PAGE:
To improve the reliability of the system, the LocalCIBuildJobManagementService implements a timeout mechanism. Administrators can configure a maximum amount of time that build jobs can run by setting the artemis.continuous-integration.timeout-seconds environment variable. The default value is 120 seconds. If a build job times out, the LocalCIBuildJobManagementService interrupts the build job. This is crucial to prevent jobs that require an abnormally high amount of time from clogging up the system and reducing overall system performance.

The LocalCIBuildJobExecutionService has the method runBuildJob, that contains the actual logic for executing a build job.

A basic build job for the purpose of providing automated assessment in Artemis consists of the following steps:

  • Start a Docker container for the build job.

  • Run the build script on the container. This involves:

    • Check out the repository under test (e.g. the student assignment repository) and the test repository containing the test cases.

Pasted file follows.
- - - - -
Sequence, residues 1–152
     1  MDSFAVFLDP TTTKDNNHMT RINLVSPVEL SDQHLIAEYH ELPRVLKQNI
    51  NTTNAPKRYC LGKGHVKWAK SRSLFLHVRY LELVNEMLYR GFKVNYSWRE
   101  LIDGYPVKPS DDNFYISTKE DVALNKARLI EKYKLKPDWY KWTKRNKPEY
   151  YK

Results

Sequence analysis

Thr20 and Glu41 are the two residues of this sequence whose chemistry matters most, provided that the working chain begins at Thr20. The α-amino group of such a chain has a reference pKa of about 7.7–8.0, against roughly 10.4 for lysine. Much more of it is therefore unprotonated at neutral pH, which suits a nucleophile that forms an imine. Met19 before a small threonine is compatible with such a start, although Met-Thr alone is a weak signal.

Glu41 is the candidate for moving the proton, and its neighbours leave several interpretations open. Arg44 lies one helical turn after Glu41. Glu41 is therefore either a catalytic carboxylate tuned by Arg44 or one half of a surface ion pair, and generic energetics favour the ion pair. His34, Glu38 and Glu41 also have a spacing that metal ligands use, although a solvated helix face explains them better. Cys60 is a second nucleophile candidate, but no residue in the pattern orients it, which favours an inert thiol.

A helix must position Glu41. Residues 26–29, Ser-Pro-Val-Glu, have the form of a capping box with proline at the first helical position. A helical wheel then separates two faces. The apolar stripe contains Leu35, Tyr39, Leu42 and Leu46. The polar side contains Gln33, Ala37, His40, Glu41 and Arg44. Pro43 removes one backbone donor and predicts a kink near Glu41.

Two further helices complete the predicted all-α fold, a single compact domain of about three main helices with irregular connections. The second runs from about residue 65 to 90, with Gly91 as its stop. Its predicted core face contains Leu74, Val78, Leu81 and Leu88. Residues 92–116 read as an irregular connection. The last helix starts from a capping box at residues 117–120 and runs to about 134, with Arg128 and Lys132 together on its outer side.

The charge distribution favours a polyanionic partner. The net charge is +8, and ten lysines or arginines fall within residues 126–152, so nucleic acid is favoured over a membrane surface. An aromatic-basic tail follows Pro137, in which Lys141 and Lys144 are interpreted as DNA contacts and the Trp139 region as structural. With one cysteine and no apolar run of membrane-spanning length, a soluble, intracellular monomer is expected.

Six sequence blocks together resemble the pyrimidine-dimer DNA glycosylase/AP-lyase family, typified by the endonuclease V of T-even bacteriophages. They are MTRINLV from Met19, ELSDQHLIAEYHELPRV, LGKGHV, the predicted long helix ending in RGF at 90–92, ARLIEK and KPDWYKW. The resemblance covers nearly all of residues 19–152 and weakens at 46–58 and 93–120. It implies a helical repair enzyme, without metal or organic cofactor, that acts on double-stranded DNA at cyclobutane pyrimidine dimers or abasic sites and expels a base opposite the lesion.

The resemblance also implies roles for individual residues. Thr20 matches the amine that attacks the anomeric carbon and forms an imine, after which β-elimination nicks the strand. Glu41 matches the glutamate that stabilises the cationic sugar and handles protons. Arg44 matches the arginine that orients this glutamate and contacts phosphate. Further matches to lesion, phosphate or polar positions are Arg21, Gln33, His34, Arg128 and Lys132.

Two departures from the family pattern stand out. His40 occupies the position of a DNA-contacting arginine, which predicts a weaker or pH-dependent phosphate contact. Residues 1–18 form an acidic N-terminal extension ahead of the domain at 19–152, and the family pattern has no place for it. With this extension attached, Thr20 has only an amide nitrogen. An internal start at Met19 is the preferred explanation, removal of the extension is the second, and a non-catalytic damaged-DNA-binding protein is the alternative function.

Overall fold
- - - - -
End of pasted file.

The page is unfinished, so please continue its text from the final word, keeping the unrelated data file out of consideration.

• Compile the source code of both the test repository and the repository under test.

    • Execute the test cases.

  • Retrieve the test results from the container.

  • Stop the container.

  • Parse the test results.

We designed the local CIS such that the process of scheduling and managing build jobs is decoupled from the process of actually running the builds and tests. Artemis only needs to create a new build job and add it to the queue. It does not need to know how or where the build job will be executed. This means that we can replace the mechanism for executing the build jobs without affecting the rest of the application, which allows us to outsource the tasks to external build agents in the future.